In addition to the weekly House block, there is also a weekly 25-minute Crew time when Houses break into smaller advisory groups consisting of eight to twelve students of the same grade and gender and a House teacher who mentors their Crew for all three years of middle school. These small groups provide a time for reflection on chapel, discussion about peer issues, prayer for one another, and developing deeper bonds. Rising eighth-grade Chara House leader L. Brumby shared, “Crew really adds to the family and friendship aspects of the House system.”
BRINGING STUDENTS TOGETHER
As MPCS continues to develop the House system, the focus will remain on developing student leaders, creating fun and engaging activities for the entire middle school student body, and building relationships and community one House block, one collaborative activity, one Crew meeting at a time. Although it takes time and energy to build and adjust a House system, the feeling among staff and students is that it’s worth it.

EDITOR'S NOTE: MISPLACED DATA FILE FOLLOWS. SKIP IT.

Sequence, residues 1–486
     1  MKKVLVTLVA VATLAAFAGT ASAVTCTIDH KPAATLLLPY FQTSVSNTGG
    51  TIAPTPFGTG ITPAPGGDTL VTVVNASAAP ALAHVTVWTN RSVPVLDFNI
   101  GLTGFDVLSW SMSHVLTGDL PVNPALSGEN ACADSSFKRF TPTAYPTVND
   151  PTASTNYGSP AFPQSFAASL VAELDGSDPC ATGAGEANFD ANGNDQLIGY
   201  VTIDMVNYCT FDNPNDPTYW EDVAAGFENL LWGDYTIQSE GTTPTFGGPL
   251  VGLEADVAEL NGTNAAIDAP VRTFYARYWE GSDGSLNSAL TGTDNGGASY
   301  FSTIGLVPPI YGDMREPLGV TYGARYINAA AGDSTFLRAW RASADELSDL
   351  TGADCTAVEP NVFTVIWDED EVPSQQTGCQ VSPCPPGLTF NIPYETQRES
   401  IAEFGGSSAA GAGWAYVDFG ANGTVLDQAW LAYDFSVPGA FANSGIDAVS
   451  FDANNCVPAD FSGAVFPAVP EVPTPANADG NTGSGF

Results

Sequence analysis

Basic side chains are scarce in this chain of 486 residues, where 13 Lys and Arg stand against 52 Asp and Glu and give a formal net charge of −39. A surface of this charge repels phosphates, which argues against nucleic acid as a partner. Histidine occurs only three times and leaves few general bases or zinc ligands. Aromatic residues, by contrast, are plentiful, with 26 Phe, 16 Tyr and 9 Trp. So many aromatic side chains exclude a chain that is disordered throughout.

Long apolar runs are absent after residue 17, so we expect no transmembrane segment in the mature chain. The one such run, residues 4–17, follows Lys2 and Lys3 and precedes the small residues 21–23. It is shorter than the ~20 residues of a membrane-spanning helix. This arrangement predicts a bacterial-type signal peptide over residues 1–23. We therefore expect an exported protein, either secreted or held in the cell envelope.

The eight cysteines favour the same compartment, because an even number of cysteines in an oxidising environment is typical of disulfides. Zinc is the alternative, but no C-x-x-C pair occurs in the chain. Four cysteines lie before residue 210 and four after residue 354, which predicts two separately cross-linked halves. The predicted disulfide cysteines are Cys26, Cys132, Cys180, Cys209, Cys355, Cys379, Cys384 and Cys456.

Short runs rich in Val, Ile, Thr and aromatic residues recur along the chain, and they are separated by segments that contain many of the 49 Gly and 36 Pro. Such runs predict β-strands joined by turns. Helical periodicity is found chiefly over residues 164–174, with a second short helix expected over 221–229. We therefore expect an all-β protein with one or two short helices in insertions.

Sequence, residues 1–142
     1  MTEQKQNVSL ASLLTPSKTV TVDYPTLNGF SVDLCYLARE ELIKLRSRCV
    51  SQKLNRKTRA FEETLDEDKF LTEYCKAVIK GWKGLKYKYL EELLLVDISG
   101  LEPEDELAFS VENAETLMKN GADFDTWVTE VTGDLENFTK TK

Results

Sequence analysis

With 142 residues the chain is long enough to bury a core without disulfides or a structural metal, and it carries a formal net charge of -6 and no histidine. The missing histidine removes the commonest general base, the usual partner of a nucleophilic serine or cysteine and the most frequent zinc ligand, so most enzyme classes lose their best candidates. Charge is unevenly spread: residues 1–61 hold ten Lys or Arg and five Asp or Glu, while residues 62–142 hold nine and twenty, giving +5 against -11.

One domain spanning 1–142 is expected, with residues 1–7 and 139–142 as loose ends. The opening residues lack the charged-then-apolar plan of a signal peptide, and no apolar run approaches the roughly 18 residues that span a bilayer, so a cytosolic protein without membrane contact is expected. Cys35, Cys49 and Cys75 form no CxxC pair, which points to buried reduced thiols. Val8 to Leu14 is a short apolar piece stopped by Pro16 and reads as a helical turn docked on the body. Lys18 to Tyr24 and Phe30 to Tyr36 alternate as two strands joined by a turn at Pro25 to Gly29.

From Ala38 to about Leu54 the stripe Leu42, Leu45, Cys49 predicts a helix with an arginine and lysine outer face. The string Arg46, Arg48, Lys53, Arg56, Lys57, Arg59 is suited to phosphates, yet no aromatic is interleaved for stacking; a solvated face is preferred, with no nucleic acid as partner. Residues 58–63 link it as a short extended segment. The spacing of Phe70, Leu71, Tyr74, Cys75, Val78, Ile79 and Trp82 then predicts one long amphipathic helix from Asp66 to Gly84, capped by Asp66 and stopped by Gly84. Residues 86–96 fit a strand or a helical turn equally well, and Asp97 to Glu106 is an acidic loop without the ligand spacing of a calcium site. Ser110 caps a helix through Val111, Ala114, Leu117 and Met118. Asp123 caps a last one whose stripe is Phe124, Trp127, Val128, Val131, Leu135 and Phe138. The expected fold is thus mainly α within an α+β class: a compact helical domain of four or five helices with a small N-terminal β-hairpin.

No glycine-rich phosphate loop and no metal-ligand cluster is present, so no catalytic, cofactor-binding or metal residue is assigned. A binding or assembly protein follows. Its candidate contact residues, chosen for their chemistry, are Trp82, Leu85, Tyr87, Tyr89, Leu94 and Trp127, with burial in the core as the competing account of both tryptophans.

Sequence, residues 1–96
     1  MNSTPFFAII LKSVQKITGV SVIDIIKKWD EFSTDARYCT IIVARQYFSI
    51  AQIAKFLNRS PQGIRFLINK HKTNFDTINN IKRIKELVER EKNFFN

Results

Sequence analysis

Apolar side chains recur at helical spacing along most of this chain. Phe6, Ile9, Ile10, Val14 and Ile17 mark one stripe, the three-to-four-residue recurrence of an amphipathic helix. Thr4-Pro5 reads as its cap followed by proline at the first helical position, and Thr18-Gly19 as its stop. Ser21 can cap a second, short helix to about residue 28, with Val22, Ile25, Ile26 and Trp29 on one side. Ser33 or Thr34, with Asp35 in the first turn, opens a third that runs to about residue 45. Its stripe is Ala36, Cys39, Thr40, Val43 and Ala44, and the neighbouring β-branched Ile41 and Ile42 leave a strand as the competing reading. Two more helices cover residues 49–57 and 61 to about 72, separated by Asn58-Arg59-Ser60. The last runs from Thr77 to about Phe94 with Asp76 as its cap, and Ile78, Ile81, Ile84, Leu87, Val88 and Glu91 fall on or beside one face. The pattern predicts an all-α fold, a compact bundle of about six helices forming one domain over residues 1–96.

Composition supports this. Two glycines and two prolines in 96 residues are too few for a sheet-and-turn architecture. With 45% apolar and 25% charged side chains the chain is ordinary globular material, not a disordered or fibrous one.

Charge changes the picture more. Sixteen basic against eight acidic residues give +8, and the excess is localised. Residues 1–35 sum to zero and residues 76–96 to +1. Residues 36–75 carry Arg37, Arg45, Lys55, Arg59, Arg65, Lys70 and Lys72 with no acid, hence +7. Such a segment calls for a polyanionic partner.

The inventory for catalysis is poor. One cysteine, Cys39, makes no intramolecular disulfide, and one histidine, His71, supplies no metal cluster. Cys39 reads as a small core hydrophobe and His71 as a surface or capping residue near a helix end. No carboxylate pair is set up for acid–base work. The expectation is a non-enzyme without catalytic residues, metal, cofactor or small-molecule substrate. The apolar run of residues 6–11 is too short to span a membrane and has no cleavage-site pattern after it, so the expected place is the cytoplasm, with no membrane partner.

“The House system benefits our school the most in the aspect of fellowship,” said E. Howren, rising eighth-grade Veritas House leader. “I have become friends with so many different people because of the house system. It has brought so many people together, and I think it is a great fit for MPCS!”
Jeff Diggle is the MPCS Middle School Dean of Students. A veteran educator, Mr. Diggle graduated from Cedarville University with a degree in Middle Childhood Education and concentrations in Science and Math and a minor in Bible before embarking upon his 20-year career. He completed his Master of Education in Curriculum Development and Instruction through Indiana Wesleyan University.
Want to learn more about building community in the middle school years? Click here to learn more about the MPCS middle school House system.